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CHAPTER XIV.

GOVERNOR WILLIAM TRYON.

"THE STAMP ACT.”

GOVERNOR DOBBS died in March, 1765. His successor was Colonel William Tryon, a soldier by profession, a man of ability and of polished adress. He was, however, haughty and unfeeling in temper, fond of show and of absolute power. His wife and her sister, Miss Esther Wake, were relatives of the earl of Hillsboro, and were ladies who knew well how to exert influence in society and gain serviceable friends. They were handsome and accomplished, and soon gathered a little court around them at New Bern, where they fixed their residence.

One of Governor Tryon's first acts was to repeal the law which forbade any other minister than an Episcopalian to perform the mårriage ceremony. He gave permission to Presbyterian ministers to act. This of course gave great satisfaction to the Presbyterian communities and was a good beginning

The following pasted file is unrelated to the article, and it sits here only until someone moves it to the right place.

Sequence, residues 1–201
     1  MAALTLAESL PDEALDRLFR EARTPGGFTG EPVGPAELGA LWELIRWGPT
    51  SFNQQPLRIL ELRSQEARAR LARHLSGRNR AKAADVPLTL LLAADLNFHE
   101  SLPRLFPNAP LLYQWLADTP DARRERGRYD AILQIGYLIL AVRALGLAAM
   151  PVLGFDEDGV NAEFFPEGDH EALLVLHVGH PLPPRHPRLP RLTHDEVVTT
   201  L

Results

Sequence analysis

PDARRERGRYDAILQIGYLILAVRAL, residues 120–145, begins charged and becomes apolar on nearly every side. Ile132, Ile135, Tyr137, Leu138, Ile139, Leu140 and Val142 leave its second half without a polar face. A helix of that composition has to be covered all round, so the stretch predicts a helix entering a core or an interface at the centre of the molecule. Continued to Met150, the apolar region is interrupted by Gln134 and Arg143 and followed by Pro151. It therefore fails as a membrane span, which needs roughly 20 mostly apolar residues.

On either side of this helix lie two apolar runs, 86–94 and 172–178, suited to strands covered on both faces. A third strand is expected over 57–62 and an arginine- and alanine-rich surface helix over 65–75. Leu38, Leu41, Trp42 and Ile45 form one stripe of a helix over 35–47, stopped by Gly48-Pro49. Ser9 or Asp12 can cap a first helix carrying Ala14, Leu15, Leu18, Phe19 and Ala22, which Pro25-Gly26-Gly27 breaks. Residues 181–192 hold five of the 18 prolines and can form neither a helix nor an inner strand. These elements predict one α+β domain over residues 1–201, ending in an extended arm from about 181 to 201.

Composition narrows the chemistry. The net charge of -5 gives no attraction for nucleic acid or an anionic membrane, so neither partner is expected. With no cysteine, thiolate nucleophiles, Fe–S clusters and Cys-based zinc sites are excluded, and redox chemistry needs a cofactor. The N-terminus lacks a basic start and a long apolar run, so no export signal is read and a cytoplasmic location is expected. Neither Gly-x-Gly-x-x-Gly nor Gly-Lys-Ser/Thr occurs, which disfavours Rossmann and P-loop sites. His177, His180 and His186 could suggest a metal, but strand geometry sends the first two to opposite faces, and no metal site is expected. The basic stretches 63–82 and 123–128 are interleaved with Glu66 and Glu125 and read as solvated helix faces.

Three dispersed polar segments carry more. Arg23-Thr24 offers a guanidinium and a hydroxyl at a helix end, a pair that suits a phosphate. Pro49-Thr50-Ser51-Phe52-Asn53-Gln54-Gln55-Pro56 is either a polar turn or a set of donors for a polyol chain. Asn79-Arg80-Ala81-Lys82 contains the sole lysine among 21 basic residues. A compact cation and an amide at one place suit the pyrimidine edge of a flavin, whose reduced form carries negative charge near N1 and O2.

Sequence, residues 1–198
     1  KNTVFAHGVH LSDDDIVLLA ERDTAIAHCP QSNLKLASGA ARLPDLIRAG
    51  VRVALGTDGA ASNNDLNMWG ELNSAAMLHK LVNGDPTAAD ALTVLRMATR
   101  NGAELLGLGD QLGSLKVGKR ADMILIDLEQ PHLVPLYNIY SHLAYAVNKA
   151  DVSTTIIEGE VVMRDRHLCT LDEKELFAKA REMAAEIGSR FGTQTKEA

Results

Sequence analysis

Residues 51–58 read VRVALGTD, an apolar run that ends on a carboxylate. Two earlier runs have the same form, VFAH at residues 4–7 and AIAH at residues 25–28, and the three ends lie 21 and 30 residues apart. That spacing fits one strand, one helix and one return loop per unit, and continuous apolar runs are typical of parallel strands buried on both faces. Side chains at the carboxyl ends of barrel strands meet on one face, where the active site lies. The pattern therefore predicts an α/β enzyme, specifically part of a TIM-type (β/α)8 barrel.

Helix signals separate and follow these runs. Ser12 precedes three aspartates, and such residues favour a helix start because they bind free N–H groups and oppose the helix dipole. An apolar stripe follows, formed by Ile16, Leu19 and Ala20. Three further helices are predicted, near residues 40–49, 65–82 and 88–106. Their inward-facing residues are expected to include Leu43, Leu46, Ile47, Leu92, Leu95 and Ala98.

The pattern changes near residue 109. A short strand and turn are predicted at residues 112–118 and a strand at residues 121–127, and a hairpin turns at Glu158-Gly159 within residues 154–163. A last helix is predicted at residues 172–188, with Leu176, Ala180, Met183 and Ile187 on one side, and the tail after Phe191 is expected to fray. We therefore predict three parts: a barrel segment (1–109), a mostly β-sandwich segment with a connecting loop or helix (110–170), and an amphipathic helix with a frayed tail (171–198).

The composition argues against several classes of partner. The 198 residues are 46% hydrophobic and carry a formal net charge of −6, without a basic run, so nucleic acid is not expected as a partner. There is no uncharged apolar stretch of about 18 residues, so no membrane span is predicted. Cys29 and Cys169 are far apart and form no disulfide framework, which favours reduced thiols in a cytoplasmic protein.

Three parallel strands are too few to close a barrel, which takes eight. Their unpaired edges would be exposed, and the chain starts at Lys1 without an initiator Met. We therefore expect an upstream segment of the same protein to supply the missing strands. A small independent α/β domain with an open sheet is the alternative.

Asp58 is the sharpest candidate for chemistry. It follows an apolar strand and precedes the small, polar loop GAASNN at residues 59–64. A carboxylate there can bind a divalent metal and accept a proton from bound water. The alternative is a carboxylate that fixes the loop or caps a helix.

It seems wonderful that the people for one hundred years had submitted to this law so quietly. It must have been that Episcopal ministers were very few and scattered, and, as a justice of the peace could always be had, religious feeling had been but little considered in their weddings. People often married, as the Quakers did, with no religious form at all, and found it answered just as well.

Tryon found the State heavily in debt from the expenses of the Indian wars. The legislature was fresh from its quarrels with Governor Dobbs, and the whole country was excited by a law recently made by the government in England which was very odious to their colonies over here. This was the famous “Stamp Act," which led directly to the great war for American Independence called “the Revolution.”

The king of England (or rather of Great Britain) and his government were very much in want of money. They had just come through a long and costly war with the French nation, and, though they had conquered and were masters of nearly all the French possessions in America, still they were exhausted and in debt; and as the war had been undertaken to defend the American colonies from the French and Indians, they thought that the Americans ought to help pay for it.

This was only fair, and if the British government had asked for help in a different way, the justice of it would have been acknowledged.